Market Update — July 23rd
Before we get to today’s blog, a quick and important commercial… I’ve got a really good friend who is a portfolio manager at a small firm that is shutting down. His background includes both stock analysis and investment product due diligence. While he’s spent the latter part of his career managing portfolios and researching mid-cap and large-cap stocks, his prior experience involved analyzing liquid and illiquid investment products (LPs, mutual funds and investment managers). He has really strong skills and is a really good guy. He’s even written a book (while working full-time) that was published a few months ago by John Wiley and Sons. He is willing to move. If you would like to see his resume, please send me an email.
Here are some of the interesting numbers that I read this weekend…
The yield on Spain’s ten-year bond hit as high as 7.28% on Friday.
Spanish stocks fell 5.8% on Friday. Italian stocks fell 4.4%.
The forecast for Spain’s 2013 GDP has decreased from +.2% to -.5%.
Spain’s retail sales are 23% lower than 2007. Spain just approved measures that will allow stores to stay open longer. Many close from 2 – 4 PM for siesta.
More than 57 million tourists visit Spain every year. It accounts for 10.2% of GDP.
The ten-year German bund hit a record low of 1.17%.
Two-year Treasury notes offered .21%. Similar-dated French debt offered .12% and Dutch bonds offered -.04%.
U.S. ECONOMY AND MARKETS
On Friday, U.S. Q2 GDP will be released. While that’s a backward-looking number, there’s thought that a number below 1.5% might really change sentiment.
For the current quarter, 69% of S&P 500 companies have beaten profit estimates. Only 42% have beaten revenue estimates.
In the broader S&P 1500, analysts have cut outlooks for 792 companies and raised estimates for 323.
Since mid-April, large, dividend-paying stocks have been outperforming. In the past three months, telecom services are up 13.68%, utilities are up 7.52%, health care is up 2.60% and consumer staples are up 2.28%. By one estimate, investors are paying 25% more for dividend-paying stocks than for non-dividend paying companies.
$16 billion has been plowed into U.S. dividend equity funds since the beginning of the year. By contrast, $25 billion has been withdrawn from non-dividend funds.
The consensus now expects the 30 stocks in the Dow to post 1% – 1.5% YOY top-line growth for Q3. This was 3% – 3.7% just two months ago. These low rates (1% – 1.5%) are close to our inflation estimates. They lead to a belief that our economy might be in recession.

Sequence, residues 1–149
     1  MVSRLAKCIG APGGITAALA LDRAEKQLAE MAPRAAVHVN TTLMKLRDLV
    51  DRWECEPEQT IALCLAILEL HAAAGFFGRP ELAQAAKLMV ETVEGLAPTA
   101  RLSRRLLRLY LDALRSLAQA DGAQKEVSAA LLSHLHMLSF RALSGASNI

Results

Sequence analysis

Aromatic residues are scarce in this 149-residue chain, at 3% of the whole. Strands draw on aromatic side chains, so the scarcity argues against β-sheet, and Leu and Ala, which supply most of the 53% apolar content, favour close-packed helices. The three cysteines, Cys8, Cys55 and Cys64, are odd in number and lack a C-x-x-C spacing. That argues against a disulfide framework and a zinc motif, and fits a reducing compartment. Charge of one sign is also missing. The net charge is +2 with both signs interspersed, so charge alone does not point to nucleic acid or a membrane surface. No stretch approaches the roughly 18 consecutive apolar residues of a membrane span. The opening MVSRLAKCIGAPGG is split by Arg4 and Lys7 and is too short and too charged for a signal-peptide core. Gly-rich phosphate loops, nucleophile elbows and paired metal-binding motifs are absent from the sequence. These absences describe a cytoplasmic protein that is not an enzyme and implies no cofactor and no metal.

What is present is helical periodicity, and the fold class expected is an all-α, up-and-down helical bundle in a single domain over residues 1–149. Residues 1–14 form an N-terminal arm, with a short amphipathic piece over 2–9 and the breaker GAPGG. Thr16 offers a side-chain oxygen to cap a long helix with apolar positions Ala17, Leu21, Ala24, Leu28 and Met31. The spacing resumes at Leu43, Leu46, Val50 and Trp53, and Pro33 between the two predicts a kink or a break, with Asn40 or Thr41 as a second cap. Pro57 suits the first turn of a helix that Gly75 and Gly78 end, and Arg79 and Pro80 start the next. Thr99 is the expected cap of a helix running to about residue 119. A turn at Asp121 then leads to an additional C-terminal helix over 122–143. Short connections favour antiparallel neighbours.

The top Wall Street banks (JPM, BAC, C, GS and MS) had first-half revenue that was down 4.5% YOY.
Big U.S. steelmakers are trying to get concessions from the United Steelworkers of America. Average wages and benefits (including retirement benefits) were $170,855 in 2011. Steelmakers want to cut this by 36%.
Shareholders said no to pay packages at about 50 of more than 3,000 companies that held votes this year.
Since 1958, the number of teachers at the nation’s four-year colleges and universities has increased 330% to 1.6 million.
Teaching jobs at junior colleges have more than doubled to 100,000 since 1990. These schools have seen a 22% rise in enrollment since 2007.
New estimates of student loan debt outstanding puts it above $1 trillion in 2011, composed of $864 billion in federal government loans and $150 billion in private student loan debt.
The delinquency rate (% of debt 90 days behind) has reached 11.9% for student loan borrowers aged 40 – 49. For all borrowers, the number is 8.7%.
Two-thirds of student debt is owed by Americans under 40.
The number of Americans with student debt rose from 23MM in 2005 to 37MM in 2012.
President Obama describes the top 2% as “millionaires” and Governor Romney describes them as “job creators.” Professor Leonard Burman (who I’ve blogged about in the past – he’s written some greater papers about tax expenditures) says both are wrong. (No wonder I like this guy.) These tend to be two-earner couples living on the East or West coast, doctors, lawyers, engineers and Wall Street executives.
In the top two tax brackets, approximately 35.5% were employers receiving business income.
President Obama wants to raise the 33% and 35% brackets to 36% and 39.6%.
To be in the top 1% of households, you have to be making $597K.
According to a survey by American Express, 31% of individuals who are married or living with a partner have a separate checking account and 23% have their own savings account.
Jenny and I saw the movie “Bernie” this weekend and we both really enjoyed it.
Have a great week.
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